Note the dramatic demographic shifts during the colonial era. They include the overwhelming mortality of the indigenous population and that population’s slow rebound in conjunction with the emergence of the Mestizo population.
At the center of the colonial grid- pattern towns, on the central plaza, Catholic houses of worship stamped the church’s overwhelming influence in colonial society. This is the cathedral in Morelia, Michoacan.
One critical Spanish introduction during the colonial period was the grid pattern town, like this one, Antigua, Guatemala. In the US we take this street pattern for granted. However, it was the Spaniards who applied this model of urban planning in the New World.
The excerpt below from colonial Honduras is representative of colonial concerns throughout the Americas. The town Comayagua is populated and situated in the most convenient location in the land and in the best site near gold and silver. The best and richest gold and silver mines in this land are very near the town. The town is located in the most beautiful and fruitful valley in the land. It could produce all the products of Castile: bread, wine, livestock (especially sheep). The town should be the principal city of this land. However, there is lack of Indians in the land. But it would be good site for interoceanic trade (Pedraza, 1539).
Also in Morelia. This slide shows the remnants of a colonial aqueduct that was used to carry water from a spring into the center of town.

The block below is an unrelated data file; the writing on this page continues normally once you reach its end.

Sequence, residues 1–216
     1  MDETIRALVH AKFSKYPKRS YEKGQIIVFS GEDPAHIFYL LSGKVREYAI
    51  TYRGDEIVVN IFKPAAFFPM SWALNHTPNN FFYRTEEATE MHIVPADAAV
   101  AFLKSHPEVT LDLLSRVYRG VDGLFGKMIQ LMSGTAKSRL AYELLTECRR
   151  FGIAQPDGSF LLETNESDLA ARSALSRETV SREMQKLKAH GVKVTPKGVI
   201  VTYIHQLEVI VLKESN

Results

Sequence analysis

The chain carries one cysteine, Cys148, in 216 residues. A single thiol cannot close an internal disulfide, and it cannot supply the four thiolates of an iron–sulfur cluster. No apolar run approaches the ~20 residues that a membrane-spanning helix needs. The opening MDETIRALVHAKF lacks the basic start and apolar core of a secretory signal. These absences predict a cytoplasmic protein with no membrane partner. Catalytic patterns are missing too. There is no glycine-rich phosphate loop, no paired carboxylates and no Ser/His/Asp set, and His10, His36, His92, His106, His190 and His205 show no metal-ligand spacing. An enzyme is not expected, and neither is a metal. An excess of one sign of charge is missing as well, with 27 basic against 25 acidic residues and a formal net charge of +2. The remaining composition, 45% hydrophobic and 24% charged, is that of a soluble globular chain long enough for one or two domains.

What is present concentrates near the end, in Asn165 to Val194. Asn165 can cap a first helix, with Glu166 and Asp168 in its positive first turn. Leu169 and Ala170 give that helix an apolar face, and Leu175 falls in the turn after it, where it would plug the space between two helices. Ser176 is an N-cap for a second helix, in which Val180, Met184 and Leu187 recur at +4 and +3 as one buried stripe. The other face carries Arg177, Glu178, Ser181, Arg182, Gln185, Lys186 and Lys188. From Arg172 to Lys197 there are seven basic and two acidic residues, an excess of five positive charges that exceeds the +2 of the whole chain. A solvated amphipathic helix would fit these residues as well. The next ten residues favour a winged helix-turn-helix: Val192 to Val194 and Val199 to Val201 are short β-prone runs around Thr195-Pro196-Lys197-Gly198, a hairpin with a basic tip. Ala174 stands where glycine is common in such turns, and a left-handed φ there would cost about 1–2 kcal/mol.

In large and small colonial cities the plaza was ringed by corridors of arches that formed a perimeter of verandas around the plaza. These corridors are know as portales. They often house restaurants.
Typical interior courtyard of a municipal building in a large colonial city. This is Morelia.
Nueva Espana: 1522-1821 Political Institutions: Audiencia (1529) Council of the Indies (1524) Viceroyalty and Viceroy (1535) Religious Institutions secular clergy: comprised of priests who served under bishops appointed by Pope. Secular clergy worked hand in hand with civil authorities. missionary orders (regular clergy): self-governing bodies under the separate authority of their respective superiors. Had greater influence over the common people. Franciscan (1523) Augustinians (1533), Dominicans (1525) Jesuits (1571) Economic/Social Institutions Encomienda: this grant of vast amounts of land and labor to conquistadors and their offspring led to the concentration of land in the hands of a relatively small elite class.
This map shows how Mexico was divided into different political units during the later colonial period.